- Dr. Fauci is urging people not to wait for Pfizer or Moderna’s COVID vaccine if they can get the Johnson & Johnson vaccine first.
- Both Pfizer and Moderna’s vaccines were found to be 95% effective at preventing a coronavirus infection in clinical trials.
- Johnson & Johnson’s COVID vaccine is 66% effective at preventing serious COVID infections. The efficacy rate, however, jumps to 86% when it comes to preventing mild COVID infections.
With Johnson & Johnson receiving an Emergency Use Authorization (EUA) from the FDA over the weekend, the US now has three effective COVID-19 vaccines at its disposal, a scenario that would have seemed implausible even five months ago.
While Pfizer and Moderna’s vaccines share a number of similarities — both rely upon the same mRNA technology and both have an impressive efficacy rate of 95% — Johnson & Johnson’s COVID-19 is markedly different. For starters, Johnson & Johnson’s vaccine doesn’t rely on mRNA technology and was instead based on the adenovirus, the virus responsible for the common cold. More jarring, though, is the fact that Johnson & Johnson’s COVID-19 vaccine has an efficacy rate in the range of 66%, markedly lower than Pfizer and Moderna’s vaccine.Today's Top Deal Luxurious bed sheets with 100,000 5-star Amazon reviews start at just $22 in this amazing sale! List Price:$27.99 Price:$22.39 You Save:$5.60 (20%) Available from Amazon, BGR may receive a commission Available from Amazon BGR may receive a commission
In light of the above, some people have naturally expressed a preference for Pfizer or Moderna’s COVID-19 vaccine. This preference, however, is a bit misguided once one delves a bit deeper. For starters, the 66% efficacy rate encompasses infections that one would categorize as mild to severe. The efficacy rate jumps all the way up to 86%, however, when it comes to preventing severe infections exclusively. In other words, the 66% efficacy rate is more encouraging than it appears at first glance.
As a result, Dr. Fauci recently stressed that both vaccines are highly effective and that people should get whatever vaccine becomes available first. Put differently, there’s no reason to delay getting vaccinated in the hopes of receiving a vaccine from Pfizer or Moderna.
“The only way you really know the difference between vaccines is by comparing them head to head,” Fauci said during a TV interview over the weekend. “We have three highly efficacious vaccines that are safe and efficacious. That’s the bottom line and the J & J, if you look at them, particularly in things that we really care about, they’re important. It’s got greater than 85% efficacy after a severe disease and critical disease.”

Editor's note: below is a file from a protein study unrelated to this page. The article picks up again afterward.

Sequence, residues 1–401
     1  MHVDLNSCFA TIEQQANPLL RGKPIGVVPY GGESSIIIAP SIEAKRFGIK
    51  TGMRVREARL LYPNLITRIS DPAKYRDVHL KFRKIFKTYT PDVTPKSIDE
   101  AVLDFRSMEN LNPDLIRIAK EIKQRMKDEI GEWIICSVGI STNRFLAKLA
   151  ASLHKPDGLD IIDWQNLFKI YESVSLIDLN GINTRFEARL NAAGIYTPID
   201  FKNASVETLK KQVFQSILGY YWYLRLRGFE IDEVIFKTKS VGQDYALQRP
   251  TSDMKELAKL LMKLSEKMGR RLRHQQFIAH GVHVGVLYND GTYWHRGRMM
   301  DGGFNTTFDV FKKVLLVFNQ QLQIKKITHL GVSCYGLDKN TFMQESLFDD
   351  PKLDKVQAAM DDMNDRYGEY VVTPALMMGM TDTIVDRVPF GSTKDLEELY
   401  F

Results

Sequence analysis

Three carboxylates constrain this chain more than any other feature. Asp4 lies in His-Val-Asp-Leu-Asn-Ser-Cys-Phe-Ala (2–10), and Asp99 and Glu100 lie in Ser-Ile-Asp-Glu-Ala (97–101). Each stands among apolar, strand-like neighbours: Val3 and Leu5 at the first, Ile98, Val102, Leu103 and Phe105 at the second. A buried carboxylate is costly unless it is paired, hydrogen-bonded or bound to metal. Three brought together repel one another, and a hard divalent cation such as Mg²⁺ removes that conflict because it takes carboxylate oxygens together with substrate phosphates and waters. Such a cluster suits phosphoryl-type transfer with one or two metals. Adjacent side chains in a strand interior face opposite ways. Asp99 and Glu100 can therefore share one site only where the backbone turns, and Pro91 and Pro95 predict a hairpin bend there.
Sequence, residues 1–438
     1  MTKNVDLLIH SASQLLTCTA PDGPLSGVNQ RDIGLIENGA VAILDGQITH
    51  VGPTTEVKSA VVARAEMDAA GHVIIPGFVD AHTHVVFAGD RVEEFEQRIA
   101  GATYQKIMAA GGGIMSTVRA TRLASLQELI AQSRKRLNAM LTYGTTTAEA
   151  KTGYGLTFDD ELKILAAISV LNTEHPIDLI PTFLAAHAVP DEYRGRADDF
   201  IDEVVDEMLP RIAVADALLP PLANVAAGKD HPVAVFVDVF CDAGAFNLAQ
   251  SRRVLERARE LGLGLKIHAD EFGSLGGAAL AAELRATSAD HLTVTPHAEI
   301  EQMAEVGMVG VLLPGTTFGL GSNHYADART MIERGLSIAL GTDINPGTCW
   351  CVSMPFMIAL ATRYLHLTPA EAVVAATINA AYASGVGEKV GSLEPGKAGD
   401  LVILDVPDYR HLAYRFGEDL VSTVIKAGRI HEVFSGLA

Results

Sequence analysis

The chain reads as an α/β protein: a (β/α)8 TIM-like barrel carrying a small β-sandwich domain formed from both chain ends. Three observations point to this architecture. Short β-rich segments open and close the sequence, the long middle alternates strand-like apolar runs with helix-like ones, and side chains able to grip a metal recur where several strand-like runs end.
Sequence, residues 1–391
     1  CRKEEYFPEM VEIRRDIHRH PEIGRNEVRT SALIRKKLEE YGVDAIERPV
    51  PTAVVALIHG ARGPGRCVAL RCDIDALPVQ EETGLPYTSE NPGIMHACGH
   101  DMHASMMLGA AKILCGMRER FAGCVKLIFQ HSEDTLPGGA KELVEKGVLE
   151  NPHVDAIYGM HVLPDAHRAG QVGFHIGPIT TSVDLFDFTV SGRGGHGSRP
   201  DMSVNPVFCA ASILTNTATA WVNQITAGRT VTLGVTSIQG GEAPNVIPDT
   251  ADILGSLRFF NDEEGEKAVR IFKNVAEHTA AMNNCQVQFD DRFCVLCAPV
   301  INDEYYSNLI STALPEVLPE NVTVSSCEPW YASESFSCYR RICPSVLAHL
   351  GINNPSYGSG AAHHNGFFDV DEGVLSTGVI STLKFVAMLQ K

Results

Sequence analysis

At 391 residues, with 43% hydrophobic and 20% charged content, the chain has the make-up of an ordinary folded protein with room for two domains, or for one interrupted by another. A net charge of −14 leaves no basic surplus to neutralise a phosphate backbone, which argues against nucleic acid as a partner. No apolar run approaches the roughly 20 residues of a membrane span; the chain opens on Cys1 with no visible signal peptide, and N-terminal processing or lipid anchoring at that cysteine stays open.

Fauci also stressed that all three vaccines haven’t caused a single death or hospitalization in any country.
“The efficacy against severe disease greater than 85%, and there have been no hospitalization or deaths in multiple countries, even in countries that have the variants,” Fauci explained during an NBC interview recently.
Fauci himself said he would have no reservations about getting Johnson & Johnson’s vaccine.
“All three of them are really quite good and people should take the one that’s most available to them,” Fauci explained. “If you go to a place and you have J & J and that’s the one that’s available now, I would take it… I think people need to get vaccinated as quickly and as expeditiously as possible.”
Incidentally, vehicles carrying Johnson & Johnson’s new COVID-19 vaccine — which only requires a single dose — starting rolling out to delivery centers on Monday evening. Johnson & Johnson said it anticipates shipping an estimated 20 million doses before the end of the month. Pfizer and Moderna, meanwhile, have promised to deliver 140 million doses to the US over the next four weeks. All told, the US vaccination effort should see a huge uptick in dose administration throughout March and April.
In a best-case scenario, some health experts believe the US might be able to achieve herd immunity as soon as May. To this point, Dr. Marty Makary of Johns Hopkins penned the following in a Wall Street Journal op-ed last week:
There is reason to think the country is racing toward an extremely low level of infection. As more people have been infected, most of whom have mild or no symptoms, there are fewer Americans left to be infected. At the current trajectory, I expect Covid will be mostly gone by April, allowing Americans to resume normal life.
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